If the recruiter is female and you’re unsure of her marital status, don’t guess and write ‘Mrs’ or ‘Miss’. When in doubt, use ‘Ms’.

Subject line

If you’re responding to a specific ad, include the job title in the subject line of the cover letter or in the email’s ‘Subject’ field, and quote the reference or job number (if one is mentioned), like this:

RE: Marketing Assistant role (Ref No MA3456/07)

A reference number is simply a code that employers use to distinguish one job from another. Some companies advertise different jobs at the same time, so make the recruiter’s life easier by stating the job and the reference number in your cover letter. For government jobs, look for the vacancy reference number or job number contained in the job description or take a peek at the ad posted on the public sector job board.

For cold-call or speculative cover letters, use the subject line of the email to grab attention. Write a short, specific message that encourages the recruiter to open and read your email.

Employers often decide whether to delete or open emails by reading the subject line. Never leave the subject line blank. By doing so, they may accidentally discard your email or leave it unopened in their inbox.

Opening paragraph

In the opening paragraph, outline the main reason for establishing contact. Are you responding to an advertised vacancy? If so, where and when was the job advertised? Are you cold-calling and looking for job openings? Have you been referred by a contact?

If you were recommended by a colleague, manager or your best buddy, make sure you name-drop in your cover letter, particularly if your contact is well respected and liked in the industry. Many jobs these days are filled through personal referral. Some employers even pay their employees a fee if they introduce a candidate who then lands the job.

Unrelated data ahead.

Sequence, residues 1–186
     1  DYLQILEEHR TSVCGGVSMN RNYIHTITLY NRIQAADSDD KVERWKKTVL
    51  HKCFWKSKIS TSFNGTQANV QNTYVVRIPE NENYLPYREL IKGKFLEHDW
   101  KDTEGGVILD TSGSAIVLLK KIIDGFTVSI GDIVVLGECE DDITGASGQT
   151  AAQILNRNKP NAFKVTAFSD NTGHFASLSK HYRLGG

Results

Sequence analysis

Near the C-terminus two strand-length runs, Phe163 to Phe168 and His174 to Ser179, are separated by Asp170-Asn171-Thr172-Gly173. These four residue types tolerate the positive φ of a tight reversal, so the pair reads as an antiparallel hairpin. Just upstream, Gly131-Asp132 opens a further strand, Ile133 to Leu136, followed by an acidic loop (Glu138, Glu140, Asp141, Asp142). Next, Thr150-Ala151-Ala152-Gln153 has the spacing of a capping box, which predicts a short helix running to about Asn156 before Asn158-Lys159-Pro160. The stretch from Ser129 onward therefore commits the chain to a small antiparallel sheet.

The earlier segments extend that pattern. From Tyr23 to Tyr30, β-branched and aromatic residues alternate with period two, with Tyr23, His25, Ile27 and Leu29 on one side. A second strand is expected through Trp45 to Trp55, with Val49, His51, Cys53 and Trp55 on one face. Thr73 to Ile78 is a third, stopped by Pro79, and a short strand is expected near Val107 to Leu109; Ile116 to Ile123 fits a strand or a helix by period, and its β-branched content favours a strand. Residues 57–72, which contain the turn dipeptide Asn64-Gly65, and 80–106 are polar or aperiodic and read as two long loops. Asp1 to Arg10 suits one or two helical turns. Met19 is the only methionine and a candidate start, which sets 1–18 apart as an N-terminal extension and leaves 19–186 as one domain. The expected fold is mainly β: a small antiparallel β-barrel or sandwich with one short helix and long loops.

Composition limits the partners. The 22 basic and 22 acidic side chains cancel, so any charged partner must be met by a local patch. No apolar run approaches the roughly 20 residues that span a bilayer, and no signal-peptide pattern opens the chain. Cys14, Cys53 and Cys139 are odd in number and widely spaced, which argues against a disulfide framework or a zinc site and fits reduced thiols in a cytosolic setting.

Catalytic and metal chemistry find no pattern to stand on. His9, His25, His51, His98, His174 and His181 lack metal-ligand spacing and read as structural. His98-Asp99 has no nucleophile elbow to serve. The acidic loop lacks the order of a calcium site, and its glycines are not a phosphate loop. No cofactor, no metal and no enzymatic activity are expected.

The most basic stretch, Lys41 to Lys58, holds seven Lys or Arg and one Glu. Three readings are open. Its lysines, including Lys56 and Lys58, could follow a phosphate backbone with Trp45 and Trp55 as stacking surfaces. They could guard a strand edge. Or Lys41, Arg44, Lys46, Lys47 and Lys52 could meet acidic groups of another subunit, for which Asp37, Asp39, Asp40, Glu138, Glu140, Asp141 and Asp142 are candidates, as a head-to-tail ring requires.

Step 2. Building the body

The body of your cover letter needs to be only two or three paragraphs long. Concise but still detailed, it explains to the recruiter or employer what skills, knowledge, experience, qualifications and personal attributes you can bring to the specific role on offer. Why are you the best person for the job? What are your selling points? Showcase a few achievements that you’re particularly proud of that relate to the role.

Reasons for pitching for the job

Sell your strongest points tailored to the job on offer. Show exactly how your skills and experience match the criteria for the job. To pull it off, firstly you need to find out what’s required to do the job. Read the job ad closely and underline the key criteria. Most ads list what the successful candidate must have. Next, think about what skills, qualifications, knowledge and experience you have that relates to the criteria, and incorporate this into the body of your cover letter. Add a bit of your own personality into your cover letter for extra sparkle.

Reasons for joining the company

Make a connection with the recruiter straightaway by indicating your reasons for wanting to join the firm. Think about the company and what makes it stand out. Aspects you could mention are the firm’s reputation, client base, culture, development opportunities and work challenges offered. If you’ve done your research, this sentence is a cinch.

Highlight your career achievements

Demonstrate why the employer would be mad not to take you on board by including a couple of your top achievements relevant to the job. Including relevant achievements shows off the sort

of energy and drive you will bring to the job if hired. Refer to Chapter 3 for more on highlighting your achievements.

Step 3. Conclusion

In the final paragraph, end on a positive note by suggesting a face-to-face meeting or a Skype meeting if you live interstate or overseas. The conclusion wraps up the letter and outlines your next action.

Outlining the next steps of the process

If you have not already done so in the body of your cover letter, use the closing paragraph to mention that your resume is attached. You can also thank the recruiter or employer for considering your application and clarify the next step of the process.